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British people and queuing at railway stations

GodAtum

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Why do British people like queuing but never do at railway stations? They always crowd around the door, unlike in Japan where people queue to board trains. Just seems a bit odd to me they are happy to queue everywhere else!
 
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nlogax

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The only station I've ever seen actual queues is Waterloo on the Jubilee line by the platform edge doors during extremely busy periods.

Maybe the rationale is that trains usually have enough doors along the length of platforms that queuing has traditionally been unnecessary?
 

Mojo

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Aside from at the ticket office (and alongside platform edge doors like poster above has stated), where is there to queue at a railway station?
 

306024

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The only station I've ever seen actual queues is Waterloo on the Jubilee line by the platform edge doors during extremely busy periods.
Likewise at Canary Wharf in the evening peak. The Drain at Bank was another.
 

ComUtoR

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It depends on what time of the day it is. ..

Early mornings are quite orderly. Most don't really care and amble on quietly.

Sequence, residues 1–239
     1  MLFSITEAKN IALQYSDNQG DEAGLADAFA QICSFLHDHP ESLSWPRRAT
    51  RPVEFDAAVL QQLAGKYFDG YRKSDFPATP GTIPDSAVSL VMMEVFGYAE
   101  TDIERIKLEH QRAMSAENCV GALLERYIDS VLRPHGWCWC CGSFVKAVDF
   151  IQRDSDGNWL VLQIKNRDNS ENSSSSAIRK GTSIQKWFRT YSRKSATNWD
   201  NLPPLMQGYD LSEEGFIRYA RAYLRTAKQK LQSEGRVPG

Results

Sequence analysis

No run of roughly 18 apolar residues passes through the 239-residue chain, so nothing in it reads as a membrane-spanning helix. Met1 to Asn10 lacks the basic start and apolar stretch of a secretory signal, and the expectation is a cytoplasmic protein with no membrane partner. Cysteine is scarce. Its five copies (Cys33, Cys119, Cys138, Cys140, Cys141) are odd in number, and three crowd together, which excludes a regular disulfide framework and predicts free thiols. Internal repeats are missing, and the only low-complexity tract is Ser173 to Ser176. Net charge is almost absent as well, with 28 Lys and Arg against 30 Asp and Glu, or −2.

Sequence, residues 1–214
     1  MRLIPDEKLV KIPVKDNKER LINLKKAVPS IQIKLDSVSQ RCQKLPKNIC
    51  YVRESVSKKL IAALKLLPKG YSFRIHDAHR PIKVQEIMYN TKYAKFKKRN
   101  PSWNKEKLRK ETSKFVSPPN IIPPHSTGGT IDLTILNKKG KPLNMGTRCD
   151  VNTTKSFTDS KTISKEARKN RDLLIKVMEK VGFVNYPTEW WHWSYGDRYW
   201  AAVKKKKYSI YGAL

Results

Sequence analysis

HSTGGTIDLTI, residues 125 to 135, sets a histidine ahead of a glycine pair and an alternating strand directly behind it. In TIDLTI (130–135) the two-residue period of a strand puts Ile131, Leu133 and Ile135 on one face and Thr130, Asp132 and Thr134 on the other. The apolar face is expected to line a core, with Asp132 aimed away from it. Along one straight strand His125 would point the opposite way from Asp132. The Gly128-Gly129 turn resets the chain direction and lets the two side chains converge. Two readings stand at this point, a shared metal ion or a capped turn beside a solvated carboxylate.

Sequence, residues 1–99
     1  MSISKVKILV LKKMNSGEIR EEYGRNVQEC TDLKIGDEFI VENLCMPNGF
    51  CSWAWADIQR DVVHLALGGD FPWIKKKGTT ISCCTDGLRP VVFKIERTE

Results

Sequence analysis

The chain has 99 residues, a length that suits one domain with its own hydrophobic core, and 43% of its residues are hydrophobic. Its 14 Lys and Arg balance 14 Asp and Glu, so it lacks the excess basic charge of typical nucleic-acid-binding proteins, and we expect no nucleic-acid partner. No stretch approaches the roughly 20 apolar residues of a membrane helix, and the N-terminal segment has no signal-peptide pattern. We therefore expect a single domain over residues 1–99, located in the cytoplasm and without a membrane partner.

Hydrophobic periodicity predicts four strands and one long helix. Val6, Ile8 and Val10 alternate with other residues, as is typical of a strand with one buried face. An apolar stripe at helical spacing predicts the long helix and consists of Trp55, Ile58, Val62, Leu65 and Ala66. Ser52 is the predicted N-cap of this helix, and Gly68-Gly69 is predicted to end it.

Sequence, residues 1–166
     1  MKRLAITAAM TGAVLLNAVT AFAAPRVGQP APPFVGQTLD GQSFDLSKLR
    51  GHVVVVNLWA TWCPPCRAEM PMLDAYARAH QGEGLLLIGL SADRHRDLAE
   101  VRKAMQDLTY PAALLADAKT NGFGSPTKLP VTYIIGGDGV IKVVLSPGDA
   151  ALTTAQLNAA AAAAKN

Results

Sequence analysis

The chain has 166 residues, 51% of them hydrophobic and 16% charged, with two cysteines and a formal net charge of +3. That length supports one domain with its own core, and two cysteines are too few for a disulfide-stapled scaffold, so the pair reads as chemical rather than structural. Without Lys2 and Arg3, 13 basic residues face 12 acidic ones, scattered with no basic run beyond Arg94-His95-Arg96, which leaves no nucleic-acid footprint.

The morning commute is a polite shuffle with everyone edging others out to get to "their" seat.

During the day; it's just first come, first served.

The evening commute is all out war and everyone for themselves.

As the alcohol kicks and the night draws to a close. It becomes pure survival and nobody really cares.

What you probably don't see is the 'invisible queue'. At all times people are looking who is already on the platform before them and will tend to nudge/block others who come after. Anyone there before them gets a polite wave in front.

Anyone who likes to 'people watch' would find trains and stations fascinating.
 

LSWR Cavalier

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Why do British people like queuing but never do at train stations? They always crowd around the door, unlike in Japan where people queue to board trains. Just seems a bit odd to me they are happy to queue everywhere else!
They crowd around the doors and try to get on before people can get off, awful. Why?
 

nlogax

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Likewise at Canary Wharf in the evening peak. The Drain at Bank was another.

Never noticed it on the Drain, in my experience that's always been a bit of a free for all and one of the few places I've experience people trying to board before other people have left the train.

Let's see how things at stations with PEDs look once the Elizabeth line opens next year, if we ever get back into a situation where evening peaks are a real thing again.
 

Anonymous10